Earth stations in motion (ESIM) are earth stations that communicate with geostationary-satellite orbit (GSO) systems operating in the fixed-satellite service (FSS) and operate on platforms in motion in the frequency ranges 17.7-20.2 GHz and 27.5-30 GHz.
Historically, communication services to mobile platforms were usually provided by satellite systems in the mobile-satellite service (MSS) using relatively low frequency bands (e.g. the 1.5 GHz, 1.6 GHz, 2.1 GHz, and 2.4 GHz bands). The frequency bandwidths available to individual users in these ranges are relatively low - typically a few kHz to a few hundred kHz. The narrow frequency bandwidths available limit the data rates that can be achieved, which range from a few kbit/s to around 700 kbit/s in a single channel.
The typical data rates currently provided by terminals operating in networks serving ESIM are around 100 Mbit/s. Data rates may increase to support higher broadband demand or be reduced for applications using smaller earth station antennas while still supporting much higher data rates than are available over existing MSS systems. ITU studies examine how to deliver higher data rates, without impacting other and existing services adversely.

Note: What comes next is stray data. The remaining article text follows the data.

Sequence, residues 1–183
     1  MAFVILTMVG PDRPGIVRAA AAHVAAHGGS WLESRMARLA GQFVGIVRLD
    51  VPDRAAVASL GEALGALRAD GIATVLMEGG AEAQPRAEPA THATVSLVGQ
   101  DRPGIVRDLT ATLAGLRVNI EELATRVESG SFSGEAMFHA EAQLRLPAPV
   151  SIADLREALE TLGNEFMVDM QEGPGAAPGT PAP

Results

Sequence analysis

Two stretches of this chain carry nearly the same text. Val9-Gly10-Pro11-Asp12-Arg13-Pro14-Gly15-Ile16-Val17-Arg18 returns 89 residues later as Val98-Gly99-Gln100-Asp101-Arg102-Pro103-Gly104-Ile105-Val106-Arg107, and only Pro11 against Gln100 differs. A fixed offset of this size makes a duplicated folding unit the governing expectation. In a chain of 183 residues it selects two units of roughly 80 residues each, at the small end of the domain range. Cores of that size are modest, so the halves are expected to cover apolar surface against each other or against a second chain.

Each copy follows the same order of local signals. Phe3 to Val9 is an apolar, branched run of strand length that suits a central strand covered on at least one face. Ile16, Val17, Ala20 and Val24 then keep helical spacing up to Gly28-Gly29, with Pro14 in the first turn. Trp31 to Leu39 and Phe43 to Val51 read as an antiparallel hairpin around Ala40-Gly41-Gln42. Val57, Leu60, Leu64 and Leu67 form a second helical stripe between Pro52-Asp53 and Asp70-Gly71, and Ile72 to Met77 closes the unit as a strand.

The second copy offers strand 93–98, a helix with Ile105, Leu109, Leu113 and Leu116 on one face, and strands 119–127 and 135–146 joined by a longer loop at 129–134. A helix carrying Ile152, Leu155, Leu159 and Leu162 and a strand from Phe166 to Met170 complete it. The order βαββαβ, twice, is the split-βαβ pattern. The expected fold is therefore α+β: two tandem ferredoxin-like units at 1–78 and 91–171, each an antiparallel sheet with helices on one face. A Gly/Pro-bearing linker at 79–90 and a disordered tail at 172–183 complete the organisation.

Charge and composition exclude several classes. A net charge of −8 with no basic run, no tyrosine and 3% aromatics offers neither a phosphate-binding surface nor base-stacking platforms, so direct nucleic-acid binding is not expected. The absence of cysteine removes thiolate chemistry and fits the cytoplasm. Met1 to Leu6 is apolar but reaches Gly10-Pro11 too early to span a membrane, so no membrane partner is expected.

When ships are at sea or aircraft cross the oceans, they are out of reach of terrestrial networks. For such crafts on or over vast oceans, an ESIM system can resolve this challenge by providing continuous broadband connectivity for passengers and crew.
ESIM provide broadband communications on cruise ships, the largest of which can accommodate several thousands of passengers. In addition, ESIM stations can provide broadband communications for managing ship operations, such as for transmission of engine diagnostics, as well as for access to the corporate network and for crew communications. The number of maritime vessels with a broadband connection by satellite grew by almost 25% between 2012 and 2013. In 2014, over 20 000 vessels were satellite connected and this number is expected to increase to around 50 000 vessels over the next few years. This strong growth has created greater demand for spectrum for ESIM.
In addition, ESIM meet the broadband connectivity requirements of land vehicles, including trains, coaches, vans, trucks and motorhomes. Land ESIM can provide connectivity throughout countries and are particularly useful in areas without coverage by terrestrial networks.
ESIM applications also exist for government users and aid organizations that have broadband communication needs for land vehicles, ships and aircraft. For example, when information and communication infrastructure is down in natural disasters, land ESIM can be vital.